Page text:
The third team out in group F is Chile, another newcomer on the biggest of the international stages.
La Roja, as the team is called, put in a good shift to qualify for the World Cup in France. They’ve been close to qualifying several times before, before finally managing to break through last year. Together with Brazil, Chile is the only team to have never missed a Copa America Femenina. They started off their qualification journey with a draw against Paraguay and Colombia, they then went on to win against Uruguay and Peru before experiencing their only loss in the tournament to eventual winners Brazil. They drew with Colombia again before then going to pull off an impressive 4-0 over Argentina, their big rivals.
In the Chile team, one of the most outstanding players is Christiane Endler, the goalkeeper and captain of the squad. Endler represents PSG in France, and with her size as well as her reflexes and overall skills, she’s a top goalkeeper and a leader on and off the pitch who can deliver in the big games.
“It has changed a lot over the last couple of years and that is really satisfying for me. It means the work we are doing now is getting the results we want, and we are maybe opening doors for new generations of women, who might have it a bit easier to achieve in sport in Chile,” Endler said to FIFA.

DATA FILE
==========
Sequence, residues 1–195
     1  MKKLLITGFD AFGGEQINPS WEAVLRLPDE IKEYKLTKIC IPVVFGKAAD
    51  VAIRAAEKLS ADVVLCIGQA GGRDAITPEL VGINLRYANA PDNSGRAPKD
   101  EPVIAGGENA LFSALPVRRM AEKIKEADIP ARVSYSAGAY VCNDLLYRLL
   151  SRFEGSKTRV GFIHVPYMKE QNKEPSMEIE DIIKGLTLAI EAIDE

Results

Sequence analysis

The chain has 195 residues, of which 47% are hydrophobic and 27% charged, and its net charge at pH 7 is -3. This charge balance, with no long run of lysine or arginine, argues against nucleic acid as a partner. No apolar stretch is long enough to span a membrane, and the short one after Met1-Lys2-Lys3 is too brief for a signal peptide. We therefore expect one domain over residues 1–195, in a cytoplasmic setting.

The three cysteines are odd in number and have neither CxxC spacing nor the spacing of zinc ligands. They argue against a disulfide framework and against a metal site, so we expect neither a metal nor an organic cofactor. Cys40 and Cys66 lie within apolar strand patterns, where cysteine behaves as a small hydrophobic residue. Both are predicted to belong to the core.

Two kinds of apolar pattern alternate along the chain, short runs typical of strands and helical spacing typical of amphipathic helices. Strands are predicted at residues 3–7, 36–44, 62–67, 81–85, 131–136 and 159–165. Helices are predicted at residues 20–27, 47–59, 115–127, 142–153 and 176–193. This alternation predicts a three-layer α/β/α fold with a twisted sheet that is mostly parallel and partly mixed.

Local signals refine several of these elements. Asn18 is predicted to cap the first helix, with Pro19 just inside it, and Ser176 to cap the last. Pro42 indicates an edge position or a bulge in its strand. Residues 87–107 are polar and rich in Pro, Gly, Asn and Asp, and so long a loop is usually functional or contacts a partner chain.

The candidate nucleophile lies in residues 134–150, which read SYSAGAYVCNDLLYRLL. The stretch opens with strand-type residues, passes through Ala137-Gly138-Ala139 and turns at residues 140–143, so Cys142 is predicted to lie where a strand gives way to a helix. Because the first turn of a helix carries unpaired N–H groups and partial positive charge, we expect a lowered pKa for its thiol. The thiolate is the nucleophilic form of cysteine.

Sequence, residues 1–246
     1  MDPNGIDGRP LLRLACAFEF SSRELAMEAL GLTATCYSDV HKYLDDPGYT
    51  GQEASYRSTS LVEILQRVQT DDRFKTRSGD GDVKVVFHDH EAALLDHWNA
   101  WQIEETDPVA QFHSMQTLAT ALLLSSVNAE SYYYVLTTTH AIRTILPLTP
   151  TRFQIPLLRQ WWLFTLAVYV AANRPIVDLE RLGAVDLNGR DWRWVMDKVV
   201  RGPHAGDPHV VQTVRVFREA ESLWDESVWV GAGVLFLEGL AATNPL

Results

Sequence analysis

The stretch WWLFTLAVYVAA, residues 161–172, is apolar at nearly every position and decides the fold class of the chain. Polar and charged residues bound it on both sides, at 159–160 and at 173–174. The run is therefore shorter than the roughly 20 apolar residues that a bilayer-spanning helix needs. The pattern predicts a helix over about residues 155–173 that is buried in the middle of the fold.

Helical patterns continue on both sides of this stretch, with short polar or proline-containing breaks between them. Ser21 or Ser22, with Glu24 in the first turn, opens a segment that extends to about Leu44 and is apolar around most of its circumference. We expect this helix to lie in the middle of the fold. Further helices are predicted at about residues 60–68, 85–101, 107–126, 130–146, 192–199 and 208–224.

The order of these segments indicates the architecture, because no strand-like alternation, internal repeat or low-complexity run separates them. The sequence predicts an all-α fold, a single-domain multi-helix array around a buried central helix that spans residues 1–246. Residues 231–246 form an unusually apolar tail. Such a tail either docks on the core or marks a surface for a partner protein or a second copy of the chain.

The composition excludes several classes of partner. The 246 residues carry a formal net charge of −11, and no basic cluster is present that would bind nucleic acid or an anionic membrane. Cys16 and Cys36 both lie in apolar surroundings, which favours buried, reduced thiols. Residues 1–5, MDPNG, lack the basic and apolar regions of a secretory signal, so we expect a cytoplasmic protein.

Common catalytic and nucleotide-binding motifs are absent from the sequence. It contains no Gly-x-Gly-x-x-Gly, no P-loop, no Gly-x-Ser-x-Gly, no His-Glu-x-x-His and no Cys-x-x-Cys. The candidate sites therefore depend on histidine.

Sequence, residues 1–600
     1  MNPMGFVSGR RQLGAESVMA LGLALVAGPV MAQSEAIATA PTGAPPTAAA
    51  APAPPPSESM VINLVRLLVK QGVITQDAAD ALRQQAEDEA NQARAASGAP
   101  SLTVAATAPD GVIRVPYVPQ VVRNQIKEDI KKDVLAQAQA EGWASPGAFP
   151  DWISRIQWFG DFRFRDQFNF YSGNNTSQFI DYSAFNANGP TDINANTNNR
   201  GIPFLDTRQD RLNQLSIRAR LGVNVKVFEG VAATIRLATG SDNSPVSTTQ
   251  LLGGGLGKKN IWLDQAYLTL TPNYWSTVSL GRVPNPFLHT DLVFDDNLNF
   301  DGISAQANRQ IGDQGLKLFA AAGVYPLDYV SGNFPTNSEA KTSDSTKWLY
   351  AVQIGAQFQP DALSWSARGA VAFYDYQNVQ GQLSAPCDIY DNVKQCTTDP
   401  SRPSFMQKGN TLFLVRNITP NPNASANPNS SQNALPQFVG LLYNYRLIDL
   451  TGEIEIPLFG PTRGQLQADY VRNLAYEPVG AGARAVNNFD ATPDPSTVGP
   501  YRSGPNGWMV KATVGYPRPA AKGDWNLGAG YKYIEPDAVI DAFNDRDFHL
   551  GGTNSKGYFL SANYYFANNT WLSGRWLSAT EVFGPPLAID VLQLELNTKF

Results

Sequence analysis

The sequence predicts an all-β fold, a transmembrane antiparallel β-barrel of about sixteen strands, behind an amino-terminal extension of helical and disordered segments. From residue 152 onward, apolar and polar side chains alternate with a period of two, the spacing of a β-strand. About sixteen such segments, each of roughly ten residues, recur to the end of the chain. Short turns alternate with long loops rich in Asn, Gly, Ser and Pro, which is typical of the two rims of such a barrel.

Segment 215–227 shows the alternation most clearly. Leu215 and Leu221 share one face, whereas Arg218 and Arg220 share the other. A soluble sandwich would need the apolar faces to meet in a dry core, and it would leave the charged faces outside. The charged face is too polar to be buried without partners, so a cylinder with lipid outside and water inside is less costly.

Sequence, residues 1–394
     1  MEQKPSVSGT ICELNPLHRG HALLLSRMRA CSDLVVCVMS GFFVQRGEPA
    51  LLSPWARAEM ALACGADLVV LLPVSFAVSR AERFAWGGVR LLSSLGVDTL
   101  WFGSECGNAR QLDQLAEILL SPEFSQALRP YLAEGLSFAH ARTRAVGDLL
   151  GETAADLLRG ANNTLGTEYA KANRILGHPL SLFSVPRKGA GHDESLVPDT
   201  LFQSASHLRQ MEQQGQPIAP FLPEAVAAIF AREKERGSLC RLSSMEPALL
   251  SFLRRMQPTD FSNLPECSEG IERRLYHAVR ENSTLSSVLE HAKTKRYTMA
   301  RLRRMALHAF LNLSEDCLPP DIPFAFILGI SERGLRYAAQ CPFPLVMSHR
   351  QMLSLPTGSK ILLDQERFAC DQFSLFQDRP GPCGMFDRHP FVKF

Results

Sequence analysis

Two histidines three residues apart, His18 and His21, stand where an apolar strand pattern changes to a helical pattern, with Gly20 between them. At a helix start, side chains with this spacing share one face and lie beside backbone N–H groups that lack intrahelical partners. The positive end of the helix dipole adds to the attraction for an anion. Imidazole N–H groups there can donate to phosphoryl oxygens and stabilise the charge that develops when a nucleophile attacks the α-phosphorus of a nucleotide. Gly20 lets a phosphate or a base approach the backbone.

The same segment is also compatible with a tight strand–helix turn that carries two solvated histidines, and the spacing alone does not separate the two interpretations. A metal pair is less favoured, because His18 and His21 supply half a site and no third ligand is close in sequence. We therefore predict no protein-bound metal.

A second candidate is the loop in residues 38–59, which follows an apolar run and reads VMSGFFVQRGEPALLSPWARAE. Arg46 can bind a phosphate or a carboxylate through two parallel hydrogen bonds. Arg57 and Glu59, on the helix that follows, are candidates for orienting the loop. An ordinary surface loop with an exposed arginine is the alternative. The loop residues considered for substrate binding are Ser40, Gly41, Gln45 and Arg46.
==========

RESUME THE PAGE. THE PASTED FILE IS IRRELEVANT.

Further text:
On the midfield and up the front Yanara Aedo is a big presence and with her three goals in seven games during the qualification, she’s established herself as a source of goals. Camila Saez is a defender, but that doesn’t hold her back from scoring goals and she contributed with as many goals as forward Maria Rojas during the qualification. Another name to remember is veteran Francisca Lara, who links up very well with Karen Araya on the midfield to contribute to Chile’s attack.
It’s not easy being a female football player in Chile, and fullback Fernanda Pinilla told ESPNW about some of the inequalities the players continuously face.
“Football here is a sport for men,” Pinilla said. “We live almost as rebels due to this mentality in Chile that there are certain things that men do and certain things that women do. I’ve never been on the end of verbal or physical abuse for playing football, but the institutions here have certainly discriminated against us.
there are certain things that men do and certain things that women do
“I don’t have the same training conditions as a male player, which for me amounts to discrimination. The worst equipment and most inconvenient training times are reserved for women. A lot of women’s teams don’t have a medical team working with them, looking after them. These are all forms of discrimination against female players in Chile.”
The coach of the national team is Jose Letelier, who’s been heading the team since 2015. He is a former goalkeeper himself and won the Copa Libertadores title back in 1991 with Colo-Colo. After his playing career was over, he took over the reins at his former club’s women’s side in 2010, and together they won 10 straight domestic titles and the Copa Libertadores Femenina in 2012.
Chile has been playing a few friendlies since they qualified for the tournament last year, but the results have not really been going their way and in their last few games leading up to their departure for France in these days, they’ve played (and lost) against Germany, Netherlands, Jamaica and drawn with Scotland and Colombia.
There we have a bit more information about Chile! It’s going to be difficult for this team, new on the world stage, to stand up against powerhouses like the USA and Sweden, but you never know! Do you think this team, known to pull off good results in tough games, can do it? Let us know below!